Private-label produce is gaining in popularity among U.S. retailers, and there are good reasons for the trend to continue.

Private-label fuels produce consumption

Private-label prepared fruit has the leading share of category sales for the year ending Sept. 25, according the United Fresh Foundation Fresh Facts.

Private-label produce accounted for 10.4% of sales in the 52-week period ending Sept. 25, up from 10% a year ago and substantially higher than the 6.8% share in 2005, according to the United Fresh Foundation’s Fresh Facts third quarter 2010 report. The report found the category totaled $2.8 billion, up 13% compared with a year ago. The average number of SKUs of private-label vegetables was 37, up 23% compared with last year.

Private-label produce definitely has room from growth at retail, said Jon Holder, senior manager of produce and floral for Raley’s Supermarkets, Sacramento, Calif.

“It is a focus of ours right now,” Holder said.

Holder said less than 4% of the produce sold at Raley’s stores is private label. Holder would not disclose the goal for the company’s private-label program.

“We just keep looking for opportunities,” he said.

Holder said bagged produce represents the best opportunity for private-label growth. “It is hard to brand anything private-label that is sold in random weight,”

The benefit of private label is that it gets customers familiar with purchasing something with the chain’s name on it, a package that can only be purchased in at the chain’s stores.

Holder said Raley’s puts out bids for its private-label program annually and those negotiations typically include a promotional calendar to fund ad opportunities for the private-label produce.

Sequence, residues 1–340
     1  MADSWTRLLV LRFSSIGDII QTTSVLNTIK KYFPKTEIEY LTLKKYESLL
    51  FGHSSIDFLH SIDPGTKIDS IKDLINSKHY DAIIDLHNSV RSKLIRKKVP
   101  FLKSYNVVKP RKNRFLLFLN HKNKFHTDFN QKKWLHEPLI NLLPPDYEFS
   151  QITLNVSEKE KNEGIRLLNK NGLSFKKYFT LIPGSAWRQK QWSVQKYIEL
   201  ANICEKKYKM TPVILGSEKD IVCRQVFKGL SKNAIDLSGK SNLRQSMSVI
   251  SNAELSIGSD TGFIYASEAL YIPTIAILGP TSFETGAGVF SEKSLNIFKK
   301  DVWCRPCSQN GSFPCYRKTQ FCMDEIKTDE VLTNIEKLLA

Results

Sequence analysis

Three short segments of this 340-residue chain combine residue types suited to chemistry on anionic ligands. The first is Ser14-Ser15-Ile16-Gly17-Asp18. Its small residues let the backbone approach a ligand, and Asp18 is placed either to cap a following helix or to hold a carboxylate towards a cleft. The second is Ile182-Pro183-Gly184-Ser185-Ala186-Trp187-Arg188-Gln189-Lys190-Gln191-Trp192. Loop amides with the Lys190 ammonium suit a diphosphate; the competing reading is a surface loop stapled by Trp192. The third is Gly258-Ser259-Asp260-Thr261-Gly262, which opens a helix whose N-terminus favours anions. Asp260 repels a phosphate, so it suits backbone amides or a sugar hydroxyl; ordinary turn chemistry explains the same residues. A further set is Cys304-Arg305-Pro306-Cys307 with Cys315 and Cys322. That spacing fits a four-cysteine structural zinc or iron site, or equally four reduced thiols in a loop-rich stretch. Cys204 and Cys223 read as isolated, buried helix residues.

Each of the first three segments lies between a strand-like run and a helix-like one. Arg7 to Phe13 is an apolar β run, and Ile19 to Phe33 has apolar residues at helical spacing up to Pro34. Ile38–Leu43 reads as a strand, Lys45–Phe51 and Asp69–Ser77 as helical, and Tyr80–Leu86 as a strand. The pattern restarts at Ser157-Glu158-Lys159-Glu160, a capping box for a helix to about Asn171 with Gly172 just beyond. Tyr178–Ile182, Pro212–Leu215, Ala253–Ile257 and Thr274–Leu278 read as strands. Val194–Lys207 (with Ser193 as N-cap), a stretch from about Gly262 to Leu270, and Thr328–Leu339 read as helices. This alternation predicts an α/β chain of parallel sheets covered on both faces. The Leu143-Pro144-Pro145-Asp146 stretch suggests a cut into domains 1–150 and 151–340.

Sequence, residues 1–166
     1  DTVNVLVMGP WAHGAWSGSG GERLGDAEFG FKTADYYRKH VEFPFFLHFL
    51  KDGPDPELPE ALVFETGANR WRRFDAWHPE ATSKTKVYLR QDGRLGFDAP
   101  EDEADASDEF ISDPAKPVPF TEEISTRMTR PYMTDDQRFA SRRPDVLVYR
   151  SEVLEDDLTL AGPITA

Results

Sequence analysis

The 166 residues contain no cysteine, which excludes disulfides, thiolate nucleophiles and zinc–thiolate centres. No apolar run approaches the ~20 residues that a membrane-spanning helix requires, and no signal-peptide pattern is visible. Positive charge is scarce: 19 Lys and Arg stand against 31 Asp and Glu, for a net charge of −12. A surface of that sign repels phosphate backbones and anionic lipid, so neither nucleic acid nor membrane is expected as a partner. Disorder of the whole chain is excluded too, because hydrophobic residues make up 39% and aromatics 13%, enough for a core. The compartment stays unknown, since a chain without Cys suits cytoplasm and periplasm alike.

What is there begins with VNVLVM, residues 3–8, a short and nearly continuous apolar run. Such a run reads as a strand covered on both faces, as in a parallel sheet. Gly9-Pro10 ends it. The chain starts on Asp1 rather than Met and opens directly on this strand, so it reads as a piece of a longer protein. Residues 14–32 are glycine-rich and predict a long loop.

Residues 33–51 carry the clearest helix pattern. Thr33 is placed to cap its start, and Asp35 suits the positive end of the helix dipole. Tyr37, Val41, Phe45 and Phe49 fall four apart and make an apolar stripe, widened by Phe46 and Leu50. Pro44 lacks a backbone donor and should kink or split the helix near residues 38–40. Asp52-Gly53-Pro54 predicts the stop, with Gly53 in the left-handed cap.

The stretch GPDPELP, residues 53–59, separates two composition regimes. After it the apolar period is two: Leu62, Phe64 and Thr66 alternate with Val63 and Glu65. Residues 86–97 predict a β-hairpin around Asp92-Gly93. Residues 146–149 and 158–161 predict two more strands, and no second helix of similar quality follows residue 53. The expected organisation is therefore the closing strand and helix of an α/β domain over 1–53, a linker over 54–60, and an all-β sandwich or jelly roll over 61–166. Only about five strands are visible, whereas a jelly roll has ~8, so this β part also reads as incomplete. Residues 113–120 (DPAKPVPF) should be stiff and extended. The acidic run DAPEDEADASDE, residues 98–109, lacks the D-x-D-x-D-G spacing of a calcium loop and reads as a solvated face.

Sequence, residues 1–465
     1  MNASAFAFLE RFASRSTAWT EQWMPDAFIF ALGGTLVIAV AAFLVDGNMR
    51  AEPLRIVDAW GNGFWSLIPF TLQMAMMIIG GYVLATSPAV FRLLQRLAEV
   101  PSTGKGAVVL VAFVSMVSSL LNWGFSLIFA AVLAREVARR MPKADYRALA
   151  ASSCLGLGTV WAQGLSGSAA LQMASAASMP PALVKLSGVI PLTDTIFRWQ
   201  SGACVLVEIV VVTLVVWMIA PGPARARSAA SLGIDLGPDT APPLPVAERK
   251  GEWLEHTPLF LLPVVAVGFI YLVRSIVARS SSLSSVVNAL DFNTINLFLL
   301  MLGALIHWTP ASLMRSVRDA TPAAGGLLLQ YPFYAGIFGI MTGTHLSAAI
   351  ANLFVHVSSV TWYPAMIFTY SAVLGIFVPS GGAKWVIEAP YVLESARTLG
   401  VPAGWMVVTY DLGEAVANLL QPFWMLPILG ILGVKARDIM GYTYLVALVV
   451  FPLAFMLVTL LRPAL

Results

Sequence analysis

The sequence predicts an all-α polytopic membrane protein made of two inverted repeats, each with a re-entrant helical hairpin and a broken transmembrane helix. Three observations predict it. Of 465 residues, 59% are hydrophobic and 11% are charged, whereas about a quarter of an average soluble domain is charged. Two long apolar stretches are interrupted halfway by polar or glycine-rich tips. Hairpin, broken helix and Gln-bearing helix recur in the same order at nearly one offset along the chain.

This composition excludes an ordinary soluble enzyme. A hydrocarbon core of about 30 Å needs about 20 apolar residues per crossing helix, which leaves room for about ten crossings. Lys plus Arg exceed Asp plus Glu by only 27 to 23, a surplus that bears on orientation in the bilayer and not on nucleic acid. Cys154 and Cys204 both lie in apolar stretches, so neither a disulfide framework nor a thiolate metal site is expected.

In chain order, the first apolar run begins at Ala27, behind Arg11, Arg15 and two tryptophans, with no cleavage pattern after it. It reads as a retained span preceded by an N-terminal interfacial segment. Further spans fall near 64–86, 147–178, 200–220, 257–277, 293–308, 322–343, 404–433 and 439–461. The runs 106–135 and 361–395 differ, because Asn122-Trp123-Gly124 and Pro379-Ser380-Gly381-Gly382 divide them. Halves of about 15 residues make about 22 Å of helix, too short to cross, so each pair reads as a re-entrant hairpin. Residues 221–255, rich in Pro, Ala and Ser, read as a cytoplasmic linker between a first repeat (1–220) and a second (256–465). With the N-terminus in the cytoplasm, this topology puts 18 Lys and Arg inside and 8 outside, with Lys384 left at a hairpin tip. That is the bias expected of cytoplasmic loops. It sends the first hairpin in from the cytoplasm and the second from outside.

Chains like Albertsons, Safeway and Kroger are active in boosting the presence of private-label food and produce at their retail stores, said Dick Spezzano, president of Monrovia, Calif.-based Spezzano Consulting Services.

One reason that chains like to offer private-label produce is because stock market analysts like to evaluate that element of a retailer’s operation in judging its financial position, he said.

“Anything you can include in the private-label total of store sales looks good to Wall Street,” Spezzano said. “They equate higher percentage of private-label sales with higher profitability and that means good things for their stock price,” he said.

Retail executives appear to be pushing private-label growth in the produce department, said Ed Odron, owner of Odron Produce Marketing & Consulting in Stockton, Calif. Consumers seem to be open to buying private-label produce if they are happy with the store brand in the grocery department, he said.

“I think private-label is going to continue to grow in the produce department.”

For retail produce managers, private-label produce allows business to be put out for bid as often desired, since the change in suppliers is invisible to consumers. That increases leverage with suppliers, Spezzano said.

(Note on correction: This story originally used a rounded down percentage  for U.S. private label retail produce sales in 2010, in a reference found in the second paragraph. Instead of 10%, the correct number is 10.4%.)